Source: Wikimedia Commons.

There's a group of folks out there I like to call Retirement Planning Ninjas. This obscure group of warriors has figured out some of the best, most tax-advantaged and tricky ways to save up tons for retirement.

Last year, while preparing my taxes, I came upon a website that promotes a method that has unheard-of benefits: putting money into an investment account tax-free, letting it grow tax-free, and then pulling it out -- tax-free. It turns out some mainstream financial sites have caught on as well.

That kind of benefit has me so excited that I've already talked my wife into using this account in hopes that it could help pave the way for an early retirement.

But you might be surprised to learn that this isn't some form of IRA, or even a company-sponsored 401(k) or 403(b). Instead, this secret account that people rarely view as a retirement tool is...

A Health Savings Account
That's right: It is, in fact, a health savings account that has the potential to yield some pretty awesome benefits. But there are some rules you need to play by to reap these benefits, so pay attention closely and make sure using an HSA for retirement purposes is appropriate for your own individual situation.

Let's start with the basics. A health savings account is available to folks who have high-deductible health-insurance plans. Such plans are currently offered by UnitedHealth (UNH 0.23%), WellPoint (ELV 0.15%), and Humana (HUM -3.66%), among others. And as far as HSAs go, "high-deductible" means at least $1,250 for individuals and $2,500 for families.

Whenever you have to pay out-of-pocket expenses for medical care, you can either pay directly from your HSA account (via a debt card) or reimburse yourself for the payment at a later date. Every year, individuals can contribute a maximum of $3,300 to their HSAs, while families can contribute $6,550.

There are two enormous benefits that HSAs have that their Flexible Spending brethren don't. First, any money unused at the end of the year isn't lost; it's simply rolled into the next year. Second, while money is sitting in an HSA, it can be invested in much the same way that money in a 401(k) can.

So how does this help me with retirement?
There are a few keys to making this arrangement work in your benefit. The first is that the IRS doesn't designate when you have to reimburse yourself for out-of-pocket medical payments. Because of this, you can simply pay for a medical expense out of pocket and wait months -- if not years -- to reimburse yourself. In the meantime, that money stays in your HSA and grows over time.

For instance, last year my wife and I had to pay for the birth of our daughter out of pocket because there were no health insurance options available on the marketplace that would cover us. In total, it was about $5,000.

We were fortunate enough to have that money available, but we paid it out of pocket instead of using our HSA money or reimbursing ourselves. We did that because we'd rather give that $5,000 time to grow -- tax-free -- until we need to take it out.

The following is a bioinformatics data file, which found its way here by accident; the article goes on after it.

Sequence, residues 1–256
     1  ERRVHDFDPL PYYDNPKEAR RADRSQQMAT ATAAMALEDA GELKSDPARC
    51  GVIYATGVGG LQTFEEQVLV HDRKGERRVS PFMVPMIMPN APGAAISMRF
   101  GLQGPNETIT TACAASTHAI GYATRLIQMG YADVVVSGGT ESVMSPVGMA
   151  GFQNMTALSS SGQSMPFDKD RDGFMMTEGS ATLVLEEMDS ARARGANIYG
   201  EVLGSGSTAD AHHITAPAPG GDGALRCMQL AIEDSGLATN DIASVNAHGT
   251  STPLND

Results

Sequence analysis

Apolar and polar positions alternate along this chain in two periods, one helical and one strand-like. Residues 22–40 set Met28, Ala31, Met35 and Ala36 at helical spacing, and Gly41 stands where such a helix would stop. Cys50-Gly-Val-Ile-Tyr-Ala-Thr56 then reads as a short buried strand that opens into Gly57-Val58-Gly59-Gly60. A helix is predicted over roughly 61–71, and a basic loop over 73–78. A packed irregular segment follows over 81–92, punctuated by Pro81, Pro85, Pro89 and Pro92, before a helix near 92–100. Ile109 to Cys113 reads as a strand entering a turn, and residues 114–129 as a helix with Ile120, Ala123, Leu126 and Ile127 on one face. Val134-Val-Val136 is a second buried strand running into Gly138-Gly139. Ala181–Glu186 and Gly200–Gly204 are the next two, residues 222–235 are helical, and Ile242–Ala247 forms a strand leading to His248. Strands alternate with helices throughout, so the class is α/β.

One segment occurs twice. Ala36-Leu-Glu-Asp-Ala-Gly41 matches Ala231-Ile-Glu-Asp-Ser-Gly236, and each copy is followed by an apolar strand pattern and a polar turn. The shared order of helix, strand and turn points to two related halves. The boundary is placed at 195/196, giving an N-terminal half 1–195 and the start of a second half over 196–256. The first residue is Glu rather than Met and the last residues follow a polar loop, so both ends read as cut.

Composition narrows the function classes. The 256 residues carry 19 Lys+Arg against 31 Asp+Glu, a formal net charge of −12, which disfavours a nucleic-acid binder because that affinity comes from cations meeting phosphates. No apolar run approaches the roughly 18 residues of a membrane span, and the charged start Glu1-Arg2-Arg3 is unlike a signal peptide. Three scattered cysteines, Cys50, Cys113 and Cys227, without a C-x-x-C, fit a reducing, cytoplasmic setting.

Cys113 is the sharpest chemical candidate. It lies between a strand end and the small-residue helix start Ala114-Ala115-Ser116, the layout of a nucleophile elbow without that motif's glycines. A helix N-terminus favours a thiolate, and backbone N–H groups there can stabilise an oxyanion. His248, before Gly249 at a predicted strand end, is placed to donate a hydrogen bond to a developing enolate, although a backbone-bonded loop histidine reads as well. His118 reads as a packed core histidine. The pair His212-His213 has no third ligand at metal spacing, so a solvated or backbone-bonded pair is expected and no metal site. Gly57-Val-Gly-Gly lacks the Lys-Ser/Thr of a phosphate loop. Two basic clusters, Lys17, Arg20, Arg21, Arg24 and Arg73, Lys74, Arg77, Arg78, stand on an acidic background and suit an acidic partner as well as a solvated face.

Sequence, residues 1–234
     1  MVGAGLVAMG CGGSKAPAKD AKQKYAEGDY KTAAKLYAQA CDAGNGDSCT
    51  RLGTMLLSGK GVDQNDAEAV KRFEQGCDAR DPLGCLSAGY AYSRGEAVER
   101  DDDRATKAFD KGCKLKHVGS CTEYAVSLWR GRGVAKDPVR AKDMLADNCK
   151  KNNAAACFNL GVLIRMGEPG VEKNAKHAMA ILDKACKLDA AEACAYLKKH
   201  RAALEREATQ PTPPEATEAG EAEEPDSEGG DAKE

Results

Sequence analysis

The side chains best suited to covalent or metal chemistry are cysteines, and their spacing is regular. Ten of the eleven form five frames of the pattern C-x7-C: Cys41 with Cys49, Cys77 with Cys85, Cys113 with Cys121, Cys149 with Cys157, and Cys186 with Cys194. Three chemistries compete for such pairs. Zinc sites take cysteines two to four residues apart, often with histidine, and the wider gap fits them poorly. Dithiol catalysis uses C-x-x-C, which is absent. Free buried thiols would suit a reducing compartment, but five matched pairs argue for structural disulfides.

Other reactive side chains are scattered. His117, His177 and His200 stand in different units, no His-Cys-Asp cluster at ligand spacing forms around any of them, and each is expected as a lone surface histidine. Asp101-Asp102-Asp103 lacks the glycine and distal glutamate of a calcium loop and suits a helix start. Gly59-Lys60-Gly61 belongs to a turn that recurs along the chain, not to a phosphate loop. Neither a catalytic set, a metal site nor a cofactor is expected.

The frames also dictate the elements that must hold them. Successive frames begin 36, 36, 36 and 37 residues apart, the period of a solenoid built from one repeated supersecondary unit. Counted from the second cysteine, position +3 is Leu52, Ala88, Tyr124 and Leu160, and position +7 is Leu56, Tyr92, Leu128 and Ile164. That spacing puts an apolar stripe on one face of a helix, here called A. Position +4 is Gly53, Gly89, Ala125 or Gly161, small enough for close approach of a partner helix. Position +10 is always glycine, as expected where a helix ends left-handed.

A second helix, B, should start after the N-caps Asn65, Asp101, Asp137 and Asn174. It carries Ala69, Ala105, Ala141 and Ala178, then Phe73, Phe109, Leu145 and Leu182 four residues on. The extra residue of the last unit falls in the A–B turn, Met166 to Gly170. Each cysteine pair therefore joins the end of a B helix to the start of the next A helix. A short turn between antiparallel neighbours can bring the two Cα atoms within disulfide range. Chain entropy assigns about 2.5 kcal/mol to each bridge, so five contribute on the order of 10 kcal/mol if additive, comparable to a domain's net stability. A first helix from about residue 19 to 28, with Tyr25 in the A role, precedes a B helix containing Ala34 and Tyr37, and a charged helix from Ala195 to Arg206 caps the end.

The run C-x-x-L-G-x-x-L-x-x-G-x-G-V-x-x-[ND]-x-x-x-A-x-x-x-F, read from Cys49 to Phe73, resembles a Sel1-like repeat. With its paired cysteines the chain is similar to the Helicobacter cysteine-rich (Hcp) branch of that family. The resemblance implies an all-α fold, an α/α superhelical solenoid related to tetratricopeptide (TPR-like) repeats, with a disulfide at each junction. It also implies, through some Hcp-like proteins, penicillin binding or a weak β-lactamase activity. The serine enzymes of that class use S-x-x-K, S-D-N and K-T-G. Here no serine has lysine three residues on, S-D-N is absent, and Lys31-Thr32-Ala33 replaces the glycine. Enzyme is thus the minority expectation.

When that time comes -- possibly when we put a down payment on our first house -- we can draw that money out (tax-free) and use it as we please. Remember, in the government's eyes, we are simply paying ourselves back for maternity costs, even if the costs were incurred years ago.

Any money that's left over in the account thanks to capital growth can stay there and be used at a later date when we decide to reimburse ourselves for other expenses.

As you might expect, the higher one's deductible is, the more beneficial the plan can become, barring a medical catastrophe. That's because HSAs can't be used to reimburse premiums -- only out-of-pocket medical expenses. The higher the deductible, the more likely you are to have out-of-pocket expenses, and the easier it is to recoup that tax-free money.

The most important thing to remember is that receipts and records must be kept in case you're audited and need to justify all medical expenses should, and you must ensure that these expenses are never reimbursed by any other party or used in an itemized deduction on your taxes.

But what if I don't spend that much on medical expenses?
Obviously, if you stay healthy throughout your life (good for you!), this plan might not sound too enticing. Indeed, if you withdraw money for nonmedical expenses, you'll be faced with a 20% tax penalty.

At least, that's the case until you turn 65, at which point the penalty is gone and your HSA basically becomes a traditional IRA. You'll still be taxed on any disbursements you take that aren't for medical expenses, but at a much lower rate that's comparable with what you'd be paying on, say, a 401(k).

Of course, its important to balance the benefits of traditional IRAs (especially when there's an employer match), Roth IRAs (which allow you to extract your principal five years after it was inserted at no cost), and HSAs before diving in and maxing out your contributions. And remember: It's clear that HSAs were never meant to be used primarily as a retirement tool.

But retirement savings is clearly a benefit that's underused, and with the onset of Obamacare and its higher-deductible plans, it's one that you should seriously consider.